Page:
Posted on December 22, 2022
On Friday, the Alabama Department of Conservation and Natural Resources (ADCNR) announced that the final phase of funding from the National Fish and Wildlife Foundation-Gulf Environmental Benefit Fund (NFWF-GEBF) had been approved for projects in Alabama. The money is from the settlement for the 2010 Deepwater Horizon (DWH) oil spill.
“As we celebrate Alabama’s 2022 slate of NFWF projects and announce the final allocation of Alabama’s portion of the Gulf Environmental Benefit Funds (GEBF), we recognize another landmark in Alabama’s recovery from the Deepwater Horizon Oil Spill disaster,” Alabama Governor Kay Ivey said. “The $356 million awarded to Alabama in criminal fines, managed by NFWF and implemented by the Alabama Department of Conservation and Natural Resources (ADCNR), funded some of the first Deepwater Horizon Restoration Projects in Coastal Alabama.”
Ivey continued, “Together, these investments tell a story of significant accomplishments that will go a long way in protecting Alabama’s diverse coastal ecosystem for decades to come. Whether it be our investments into maintaining the coastal reefs that support our thriving red snapper fishery or our land conservation efforts to protect game and non-game species in places like the Perdido River Corridor, Fort Morgan Peninsula, and the Grand Bay Savanna, there is no doubt Alabama has made the absolute most of these funds.”
Ivey thanked the foundation for its dedication.
“I thank the National Fish and Wildlife Foundation for their partnership and dedication to the restoration and protection of Alabama’s natural resources and for their capable and dedicated management of the Gulf Environmental Benefit Fund,” Governor Ivey said. “While this marks the completion of our allocation of the NFWF portion of the BP Settlement, our work continues to restore Coastal Alabama.”
The most recent projects include $26,066,000 for Phase II of the Dauphin Island East End Restoration.
The Dauphin Island project will restore approximately 1.5 miles of beach shoreline and about 85 acres of beach and dune habitat on the 14-mile barrier island that protects a portion of the Alabama Gulf Coast.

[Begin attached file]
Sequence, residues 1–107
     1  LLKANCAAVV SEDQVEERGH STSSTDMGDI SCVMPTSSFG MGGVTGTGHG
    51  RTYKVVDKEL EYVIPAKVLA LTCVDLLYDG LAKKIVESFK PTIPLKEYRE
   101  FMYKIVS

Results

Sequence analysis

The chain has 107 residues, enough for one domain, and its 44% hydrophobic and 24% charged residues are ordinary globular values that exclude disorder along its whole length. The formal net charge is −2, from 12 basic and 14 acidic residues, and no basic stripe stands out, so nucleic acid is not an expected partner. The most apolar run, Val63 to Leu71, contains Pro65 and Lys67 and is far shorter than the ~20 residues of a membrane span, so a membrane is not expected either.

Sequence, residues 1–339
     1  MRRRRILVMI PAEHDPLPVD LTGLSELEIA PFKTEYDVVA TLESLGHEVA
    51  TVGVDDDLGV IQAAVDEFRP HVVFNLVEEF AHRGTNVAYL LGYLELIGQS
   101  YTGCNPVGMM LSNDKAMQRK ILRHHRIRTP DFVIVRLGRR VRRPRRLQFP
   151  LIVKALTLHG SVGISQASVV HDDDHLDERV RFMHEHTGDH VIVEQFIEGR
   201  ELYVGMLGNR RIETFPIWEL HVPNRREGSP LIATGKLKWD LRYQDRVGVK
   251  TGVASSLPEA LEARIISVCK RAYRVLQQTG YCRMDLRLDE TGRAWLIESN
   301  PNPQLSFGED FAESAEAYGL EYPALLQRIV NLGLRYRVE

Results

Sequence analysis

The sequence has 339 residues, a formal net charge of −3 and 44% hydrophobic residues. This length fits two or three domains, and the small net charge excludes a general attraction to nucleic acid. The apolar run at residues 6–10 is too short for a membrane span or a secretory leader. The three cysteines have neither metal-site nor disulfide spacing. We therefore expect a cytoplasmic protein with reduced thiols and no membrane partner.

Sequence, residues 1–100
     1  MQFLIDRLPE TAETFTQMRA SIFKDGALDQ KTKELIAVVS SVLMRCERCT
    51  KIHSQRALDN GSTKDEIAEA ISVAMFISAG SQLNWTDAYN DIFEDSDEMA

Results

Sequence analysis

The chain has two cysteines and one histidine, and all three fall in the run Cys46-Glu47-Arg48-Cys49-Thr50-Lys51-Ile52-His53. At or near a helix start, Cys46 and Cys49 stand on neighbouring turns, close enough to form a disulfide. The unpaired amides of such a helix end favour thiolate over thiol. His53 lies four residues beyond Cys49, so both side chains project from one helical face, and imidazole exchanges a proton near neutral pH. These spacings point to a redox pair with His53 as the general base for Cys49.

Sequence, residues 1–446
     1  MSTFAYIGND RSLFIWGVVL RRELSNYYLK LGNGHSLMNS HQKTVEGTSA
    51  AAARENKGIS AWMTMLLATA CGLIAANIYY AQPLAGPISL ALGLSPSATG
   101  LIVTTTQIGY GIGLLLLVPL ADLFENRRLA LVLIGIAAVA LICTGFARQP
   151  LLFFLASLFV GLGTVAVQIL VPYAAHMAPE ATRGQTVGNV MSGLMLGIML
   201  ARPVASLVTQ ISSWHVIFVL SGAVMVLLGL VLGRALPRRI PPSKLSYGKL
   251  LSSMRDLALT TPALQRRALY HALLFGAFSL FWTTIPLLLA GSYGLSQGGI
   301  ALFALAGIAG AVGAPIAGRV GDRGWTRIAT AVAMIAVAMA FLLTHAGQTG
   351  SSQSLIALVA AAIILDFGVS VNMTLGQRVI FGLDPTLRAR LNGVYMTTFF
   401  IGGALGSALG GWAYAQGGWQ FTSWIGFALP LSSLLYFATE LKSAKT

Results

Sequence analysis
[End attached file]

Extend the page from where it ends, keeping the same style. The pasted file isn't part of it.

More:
Dauphin Island Mayor Jeff Collier said that this project will significantly impact the area.
“This is going to be significant,” Mayor Collier stated. “So, we’re greatly certainly appreciative of that. The focus is really going to be on trying to protect the area that encompasses the Audubon sanctuary, the freshwater lake that’s within that location.”
The tentative plan is to renourish and extend the 2015-2016 beach restoration project to provide healthy beaches and dunes. The East End beach protects the Audubon Bird Sanctuary and other upland resources from beach erosion from storms. Sand has migrated to the west, which has caused wider downdrift beaches and growth of a sand spit south of the Isle Dauphine Golf Course. NFWF has awarded nearly $70 million in GEBF funds to nearly a dozen projects to enhance and protect this vital island.
The Gulf Highlands Conservation Acquisition project was awarded $8.2 million in additional funding to expand the project footprint to include the adjacent Beach Club West property. The goal of the entire project is to acquire, conserve and manage the largest privately held, undeveloped Gulf frontage beach and dune habitat. This habitat will benefit nesting sea turtles, migratory birds and shorebirds, and the endangered Alabama beach mouse.
$9 million will go to Phase II of the Lower Fish River Watershed Restoration project. The funding will be used to continue the work of Phase I by implementing designs to reduce the sediment and nutrients that flow into Weeks Bay.
$2,788,000 will be used for Phase II of the Wolf and Sandy Creek Headwaters Restoration project. The money will be used for stream restoration, bank stabilization, invasive species removal, monitoring, and adaptive management. The project will restore nearly half a mile of instream habitat and 50 acres of wetlands through invasive species removal.
$1 million will fund Alabama Coastal Adaptive Management, which will continue maintenance, repair, rehabilitation, or replacement of active projects funded by GEBF, as well as for expanding the ecological benefits of the projects to ensure the long-term viability of these efforts during unforeseen changes.